A whole new world opened up around me. Brightly coloured royal angelfish followed invisible traffic lanes, overtaking the slower striped butterfly fish. A bulbous puffer fish floated by, its body grotesquely inflated by pumping liquid into its stretchable stomach – like a heavy drinker after too many pints. Vibrantly coloured parrot fish nudge and peck the thin layer of algae from the coral. A solitary and grumpy grouper pouts his full fat lips, whilst floating a few inches beneath the water's surface – no small wonder so many meet their end on a dinner plate, served with a drizzle of lemon and rice.
Of course, thanks to the wonders of underwater cameras and David Attenborough, diving is no longer necessary to witness these weird and wonderful creatures. But there is more to diving than the wildlife. What you miss is the simple but extraordinary sensation of being submerged beneath the water. As a diver your depth is determined with a system of weights and an inflatable jacket. Inflate more air from the compression tank into your jacket and you become more buoyant. Alternatively, release the air from your jacket and with a stream of bubbles you submerge more deeply. But what I was surprised to discover was how my own lungs acted as a buoyancy device. The more air I sucked into my lungs, the greater my buoyancy and the higher I floated in the water. Likewise, by exhaling and emptying my breath, I make myself sink slightly. If I was swimming towards an obstacle, some underwater coral perhaps, then I could simply take a deep breath and float gently over them. It is simply the most wonderful and liberating experience, almost like flying but in especially thick air.
This sensation of flying was most apparent during our first wreck dive. The HMS Thistlegorm is a WWII steam freighter. She left Glasgow in October 1941 packed with munitions, rifles, motorcycles, Bedford trucks and steam trains before being sunk by German bombers. The force of the explosion was such that steam engines, weighing 126 tons were flung a clear 30 metres. Despite this, the wreck remains remarkably intact.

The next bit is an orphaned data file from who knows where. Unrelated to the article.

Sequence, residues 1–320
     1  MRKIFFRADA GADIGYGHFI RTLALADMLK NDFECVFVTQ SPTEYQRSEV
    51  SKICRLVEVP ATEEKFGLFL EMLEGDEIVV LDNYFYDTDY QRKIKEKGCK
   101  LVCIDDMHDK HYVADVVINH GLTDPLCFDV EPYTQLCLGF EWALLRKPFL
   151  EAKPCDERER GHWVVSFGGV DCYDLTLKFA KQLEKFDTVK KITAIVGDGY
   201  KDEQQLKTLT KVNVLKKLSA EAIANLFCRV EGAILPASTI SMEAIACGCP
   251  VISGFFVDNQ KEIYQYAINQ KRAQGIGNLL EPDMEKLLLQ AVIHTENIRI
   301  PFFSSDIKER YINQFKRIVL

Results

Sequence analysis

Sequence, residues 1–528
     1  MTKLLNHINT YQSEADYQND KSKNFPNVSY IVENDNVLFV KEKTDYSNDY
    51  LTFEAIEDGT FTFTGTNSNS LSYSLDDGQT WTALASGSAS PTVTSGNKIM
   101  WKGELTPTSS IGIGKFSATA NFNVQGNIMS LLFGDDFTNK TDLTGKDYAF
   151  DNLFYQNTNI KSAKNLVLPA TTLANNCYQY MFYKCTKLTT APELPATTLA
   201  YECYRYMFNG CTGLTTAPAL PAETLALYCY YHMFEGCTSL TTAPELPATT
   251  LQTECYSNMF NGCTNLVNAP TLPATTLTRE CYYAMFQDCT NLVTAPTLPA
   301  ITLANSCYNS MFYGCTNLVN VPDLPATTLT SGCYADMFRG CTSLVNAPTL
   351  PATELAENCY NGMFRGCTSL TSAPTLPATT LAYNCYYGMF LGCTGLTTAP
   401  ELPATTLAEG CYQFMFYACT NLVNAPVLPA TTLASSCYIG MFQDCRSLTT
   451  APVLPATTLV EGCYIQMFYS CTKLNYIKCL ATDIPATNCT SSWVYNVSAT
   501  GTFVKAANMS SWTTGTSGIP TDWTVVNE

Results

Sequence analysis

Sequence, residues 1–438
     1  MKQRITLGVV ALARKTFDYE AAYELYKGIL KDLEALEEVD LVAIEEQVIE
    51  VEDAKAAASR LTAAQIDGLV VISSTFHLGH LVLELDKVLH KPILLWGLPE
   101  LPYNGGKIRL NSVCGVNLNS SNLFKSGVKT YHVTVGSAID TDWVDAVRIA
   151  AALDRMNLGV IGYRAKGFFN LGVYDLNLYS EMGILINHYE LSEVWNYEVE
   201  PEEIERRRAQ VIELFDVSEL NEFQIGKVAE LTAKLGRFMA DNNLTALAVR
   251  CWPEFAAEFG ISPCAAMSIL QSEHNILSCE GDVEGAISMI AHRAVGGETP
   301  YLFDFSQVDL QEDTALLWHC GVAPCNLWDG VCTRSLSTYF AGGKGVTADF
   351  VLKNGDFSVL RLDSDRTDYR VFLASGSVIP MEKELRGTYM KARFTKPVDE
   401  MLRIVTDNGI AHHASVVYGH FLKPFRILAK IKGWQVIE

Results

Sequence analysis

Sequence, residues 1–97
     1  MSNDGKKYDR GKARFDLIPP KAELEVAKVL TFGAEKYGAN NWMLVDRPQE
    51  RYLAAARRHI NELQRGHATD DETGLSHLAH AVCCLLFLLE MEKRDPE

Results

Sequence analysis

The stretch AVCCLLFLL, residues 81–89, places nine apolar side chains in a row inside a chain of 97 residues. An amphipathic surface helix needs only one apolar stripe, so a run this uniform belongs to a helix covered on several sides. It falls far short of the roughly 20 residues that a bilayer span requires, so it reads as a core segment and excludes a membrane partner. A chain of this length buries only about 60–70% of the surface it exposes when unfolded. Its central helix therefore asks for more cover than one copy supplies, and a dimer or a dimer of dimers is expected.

Ducking my face mask below the surface, I could hardly believe my own eyes. As we submerged 100 feet towards the ship, I couldn't get over how large it appeared, like some deserted city. It was as if the world had been turned inside out - instead of floating beneath the sea we were rather flying through the air above a still floating ship. This strange sensation was only heightened by the appearance of a steam train, sat upright amongst the coral and plants, a ghost train that had reached its final stop. Flicking our fins, we passed the vast propeller and floated alongside the vast length of the vessel's hull before entering the wreck itself. Torches were switched on as we breached the cargo holds, packed with the preserved remains of rubber boots, corroding Norton motorbikes and quietly rusting trucks. The local residents, a school of yellow butterfly fish swam through a hatch that lit our explorations with an almost phosphorous light. Fortunately, there was no sign of the sharks though...
Within less than a week, I'd progressed from novice to advanced diver, yet we had barely scratched the edge of the wonders beneath the sea. It is easy to assume that the world has been exhaustively explored. Yet, the quarter of our planet that is covered by water contains more than a thousand times more volume than there is dry land – a truly mind boggling thought, but I like to think a reassuring one too, that this planet of ours still has a few mysteries tucked up its sleeve.